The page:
Portrait #2 - Basile Al Mileik, Wine Director for the Wythe Hotel in Brooklyn, NY.

In today's interview we are meeting with Basile Al Mileik, Wine Director at the Wythe Hotel, in NYC. Basile shares with us his journey through wine and the hospitality industry, as we well as his ethos as a buyer and the importance of relationships with producers.


In a few words, please introduce yourself, tell us about your background, and your job responsibilities at the Wythe hotel?

Pretty standard studies, I have a bachelor in IR and a master in business. Very quickly I moved to a restaurant job as I did not like the “corporate world” and wanted to open my own place. I worked my way up from server to FOH director, and I got bitten by the wine bug early in Paris. I also learned through other sommeliers who served as my mentors. Today at the Wythe, I am the wine director, which means, I buy all the wine for Reynard, the hotel restaurant, The Ides, the cocktail bar, our events program, and the hotel room service and mini-bar. I am also on the management team for all F&B, so I work on the floor daily and sell wine.


How much wine do you buy per year at the Wythe?

I buy roughly $380-400k of wine per year for the whole building. I actually should look into our mini bar numbers more because I don’t have them for this year but for F&B our wine revenue is about 2 million a year, which is roughly 30% of all our beverage sales.


Do you have a chart or ethos to follow regarding your wine selection?

We have a pretty strong ethos of working with only producers that are at the very least organic, usually biodynamic and most even go as far as ‘natural,’ yet this term isn’t officially defined anywhere. We undeniably have a focus on French wines. However, I do buy a little bit of non-French wines, either from lesser known regions of established wine countries (Baden, Wurttemberg, Canary Islands, Catalunya, Abruzzo, Sardinia, Finger Lakes, Oregon) or more diverse countries like Georgia, Czech Republic, Slovenia, Austria and so on; always keeping in mind that the wines should complement the food and never overpower it.


How often do you change your wine list?

I tweak and update the wine lists every week or so, but it is fundamentally is to remove references that are sold out and inserting new additions to maintain balance and showcase new arrivals, never a complete changeover as we have about 250 references in Reynard and 50 in The Ides. Wines that we offer by the glass are usually on for anywhere between a week to a couple of months depending on availability and seasons. Our events and hotel wines are pretty stable throughout the year as we look for continuity there.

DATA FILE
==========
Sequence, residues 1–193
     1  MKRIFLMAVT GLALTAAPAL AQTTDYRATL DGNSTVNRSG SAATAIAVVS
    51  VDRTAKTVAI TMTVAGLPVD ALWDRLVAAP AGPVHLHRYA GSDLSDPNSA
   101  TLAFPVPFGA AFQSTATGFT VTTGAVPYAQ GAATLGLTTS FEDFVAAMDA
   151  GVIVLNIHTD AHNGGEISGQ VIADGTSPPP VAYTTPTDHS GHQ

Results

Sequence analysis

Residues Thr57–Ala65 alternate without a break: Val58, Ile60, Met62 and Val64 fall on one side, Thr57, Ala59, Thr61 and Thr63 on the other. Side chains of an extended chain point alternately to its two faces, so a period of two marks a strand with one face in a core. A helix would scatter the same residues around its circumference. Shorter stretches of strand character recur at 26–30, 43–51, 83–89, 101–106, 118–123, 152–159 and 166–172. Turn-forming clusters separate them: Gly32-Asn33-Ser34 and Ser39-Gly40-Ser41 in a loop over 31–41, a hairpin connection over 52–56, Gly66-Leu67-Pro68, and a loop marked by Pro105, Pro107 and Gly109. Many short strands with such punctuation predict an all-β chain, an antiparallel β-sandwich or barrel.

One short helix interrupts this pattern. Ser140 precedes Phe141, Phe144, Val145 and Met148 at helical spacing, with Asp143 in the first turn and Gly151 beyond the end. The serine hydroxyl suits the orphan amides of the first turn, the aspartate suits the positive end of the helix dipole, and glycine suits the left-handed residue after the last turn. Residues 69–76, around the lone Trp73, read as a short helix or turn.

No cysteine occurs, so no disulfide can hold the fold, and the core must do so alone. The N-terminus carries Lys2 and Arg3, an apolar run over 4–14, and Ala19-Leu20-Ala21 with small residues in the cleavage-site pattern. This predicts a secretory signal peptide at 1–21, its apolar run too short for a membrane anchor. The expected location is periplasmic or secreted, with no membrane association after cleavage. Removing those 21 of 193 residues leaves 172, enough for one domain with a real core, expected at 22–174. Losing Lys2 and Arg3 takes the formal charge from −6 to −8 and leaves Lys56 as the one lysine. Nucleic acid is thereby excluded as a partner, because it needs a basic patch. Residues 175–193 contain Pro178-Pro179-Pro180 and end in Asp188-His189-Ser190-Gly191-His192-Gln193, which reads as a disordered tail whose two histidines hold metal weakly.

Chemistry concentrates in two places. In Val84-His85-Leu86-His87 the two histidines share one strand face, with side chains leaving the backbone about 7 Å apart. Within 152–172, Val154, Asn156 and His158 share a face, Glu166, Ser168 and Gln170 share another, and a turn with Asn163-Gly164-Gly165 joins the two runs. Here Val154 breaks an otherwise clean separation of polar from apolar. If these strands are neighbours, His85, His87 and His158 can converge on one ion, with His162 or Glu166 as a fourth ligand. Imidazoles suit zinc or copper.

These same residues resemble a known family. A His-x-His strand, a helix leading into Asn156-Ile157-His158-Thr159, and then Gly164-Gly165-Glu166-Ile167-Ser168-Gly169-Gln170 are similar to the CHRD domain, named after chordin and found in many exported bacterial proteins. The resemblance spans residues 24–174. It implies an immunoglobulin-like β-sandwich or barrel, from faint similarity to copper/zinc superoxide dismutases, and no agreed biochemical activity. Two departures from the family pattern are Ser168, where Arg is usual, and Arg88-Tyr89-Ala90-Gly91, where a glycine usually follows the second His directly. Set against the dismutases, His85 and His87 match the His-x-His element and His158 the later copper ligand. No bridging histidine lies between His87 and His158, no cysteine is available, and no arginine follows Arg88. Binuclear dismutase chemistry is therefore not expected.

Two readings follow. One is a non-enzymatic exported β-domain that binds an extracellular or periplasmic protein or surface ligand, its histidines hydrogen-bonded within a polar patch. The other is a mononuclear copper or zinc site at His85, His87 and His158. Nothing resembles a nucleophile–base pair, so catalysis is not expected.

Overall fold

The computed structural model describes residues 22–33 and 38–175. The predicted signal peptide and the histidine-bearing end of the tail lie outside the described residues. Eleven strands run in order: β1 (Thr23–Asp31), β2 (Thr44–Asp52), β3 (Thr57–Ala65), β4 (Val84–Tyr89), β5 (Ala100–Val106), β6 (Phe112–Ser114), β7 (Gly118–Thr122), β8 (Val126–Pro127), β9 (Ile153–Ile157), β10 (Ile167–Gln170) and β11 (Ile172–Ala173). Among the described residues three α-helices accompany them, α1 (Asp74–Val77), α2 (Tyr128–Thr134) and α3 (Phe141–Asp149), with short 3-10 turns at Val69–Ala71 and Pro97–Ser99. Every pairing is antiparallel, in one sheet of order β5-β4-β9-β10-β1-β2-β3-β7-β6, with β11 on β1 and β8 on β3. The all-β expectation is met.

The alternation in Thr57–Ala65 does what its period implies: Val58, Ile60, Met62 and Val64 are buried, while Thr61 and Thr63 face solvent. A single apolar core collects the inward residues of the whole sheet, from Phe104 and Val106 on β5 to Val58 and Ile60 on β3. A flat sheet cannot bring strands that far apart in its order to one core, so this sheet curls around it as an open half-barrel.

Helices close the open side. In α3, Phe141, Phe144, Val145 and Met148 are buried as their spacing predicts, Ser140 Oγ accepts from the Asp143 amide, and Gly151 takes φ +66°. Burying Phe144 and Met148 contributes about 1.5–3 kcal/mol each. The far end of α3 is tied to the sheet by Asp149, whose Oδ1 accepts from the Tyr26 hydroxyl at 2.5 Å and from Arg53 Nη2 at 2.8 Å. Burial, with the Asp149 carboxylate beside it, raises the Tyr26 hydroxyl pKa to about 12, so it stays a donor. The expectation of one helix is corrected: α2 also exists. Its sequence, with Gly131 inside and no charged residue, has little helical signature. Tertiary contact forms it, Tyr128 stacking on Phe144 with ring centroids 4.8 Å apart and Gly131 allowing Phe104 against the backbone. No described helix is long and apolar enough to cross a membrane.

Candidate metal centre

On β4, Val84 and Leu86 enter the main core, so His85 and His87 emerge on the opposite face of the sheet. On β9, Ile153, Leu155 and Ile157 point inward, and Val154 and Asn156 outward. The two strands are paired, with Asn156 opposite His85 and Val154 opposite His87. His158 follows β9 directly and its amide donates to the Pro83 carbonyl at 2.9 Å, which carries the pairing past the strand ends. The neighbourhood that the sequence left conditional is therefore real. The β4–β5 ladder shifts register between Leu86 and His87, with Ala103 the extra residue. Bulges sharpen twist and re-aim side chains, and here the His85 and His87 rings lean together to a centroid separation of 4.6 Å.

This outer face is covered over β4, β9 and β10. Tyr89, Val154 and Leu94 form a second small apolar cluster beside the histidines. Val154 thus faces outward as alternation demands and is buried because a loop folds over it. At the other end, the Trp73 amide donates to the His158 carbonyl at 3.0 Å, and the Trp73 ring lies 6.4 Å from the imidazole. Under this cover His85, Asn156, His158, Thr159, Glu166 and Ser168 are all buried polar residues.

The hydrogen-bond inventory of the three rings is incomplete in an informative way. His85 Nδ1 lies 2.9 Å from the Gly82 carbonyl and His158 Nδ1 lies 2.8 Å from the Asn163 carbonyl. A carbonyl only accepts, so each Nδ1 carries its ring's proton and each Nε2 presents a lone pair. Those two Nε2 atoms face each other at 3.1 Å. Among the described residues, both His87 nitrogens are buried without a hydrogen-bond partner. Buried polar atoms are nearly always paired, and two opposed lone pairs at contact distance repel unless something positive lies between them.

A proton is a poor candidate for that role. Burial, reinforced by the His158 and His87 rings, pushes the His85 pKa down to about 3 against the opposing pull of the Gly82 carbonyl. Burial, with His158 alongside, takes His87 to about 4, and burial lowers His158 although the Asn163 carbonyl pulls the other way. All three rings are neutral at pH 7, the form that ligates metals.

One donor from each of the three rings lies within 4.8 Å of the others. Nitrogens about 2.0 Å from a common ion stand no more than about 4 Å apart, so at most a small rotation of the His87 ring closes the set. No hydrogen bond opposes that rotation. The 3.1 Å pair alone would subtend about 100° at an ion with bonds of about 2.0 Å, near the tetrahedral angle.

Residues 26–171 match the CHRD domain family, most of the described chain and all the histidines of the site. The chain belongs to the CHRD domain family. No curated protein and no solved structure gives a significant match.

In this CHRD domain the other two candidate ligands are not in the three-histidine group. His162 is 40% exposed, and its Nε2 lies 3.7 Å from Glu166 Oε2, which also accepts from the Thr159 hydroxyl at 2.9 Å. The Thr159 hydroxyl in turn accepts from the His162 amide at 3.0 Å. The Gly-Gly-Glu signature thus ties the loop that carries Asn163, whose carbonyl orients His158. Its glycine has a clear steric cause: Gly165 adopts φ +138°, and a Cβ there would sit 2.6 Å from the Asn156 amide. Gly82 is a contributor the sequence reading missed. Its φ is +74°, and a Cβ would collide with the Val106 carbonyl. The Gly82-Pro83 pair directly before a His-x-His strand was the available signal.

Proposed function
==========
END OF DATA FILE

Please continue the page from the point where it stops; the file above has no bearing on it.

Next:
How do you look for wine? Magazines, word of mouth, sales reps...?

I am now pretty familiar with a respectable amount of producers, estates, and wines that I like, and I try to taste all their new vintages and cuvées. Of course, reps are my first source of discoveries, I see 12 to 15 reps per month, as is word of mouth from the industry (producers, importers, sommeliers, other buyers, and so forth.) as well as the online wholesale platform SevenFifty. The most fun part of my job is, of course, being invited to lots of “winemaker dinners” where buyers get to try much wine in a more casual and food friendly context. I also go to other restaurants & wine bars a lot, for “market research” aka drinking other people’s allocations. Solid retail shops like Chambers street wine, Verve Wine, Flat Iron wines, Astor wines, Uva and the like also help, and I go to Paris a few times a year, always seeking new wines there as well.


What are the channels to meet with the seller? Through a direct meeting, tasting/conference, samples sent to the hotel, more substantial contract negotiation…

All of the above! Direct one on one meetings with reps are the most common and part of my everyday routine. There are also seasonal portfolio tastings, organized importers, and distributors that I try to attend as much as possible. Not so many written contracts but definitely oral agreements, especially for long-term placements (i.e., mini-bar placement or wines for our events business which are usually chosen for a full season or year round).


The Wythe Hotel in Brooklyn, NYC (picture from https://wythehotel.com/)

What makes you decide which wine to buy besides the establishment ethos?

This rationale may sound very cliché, but the number one reason in my decision to buy a specific wine is in regard to its overall taste, if I like it, and if it interests me enough to want to know more about it. After that element of sensitivity, then, of course, many factors come in. I would say in the following order; type of farming/winemaking practiced, origin, price, current needs/opportunity, relationship with the seller, availability, and access to information.


What importance do you give to information about the domain, the region, the producer, on presentation tools?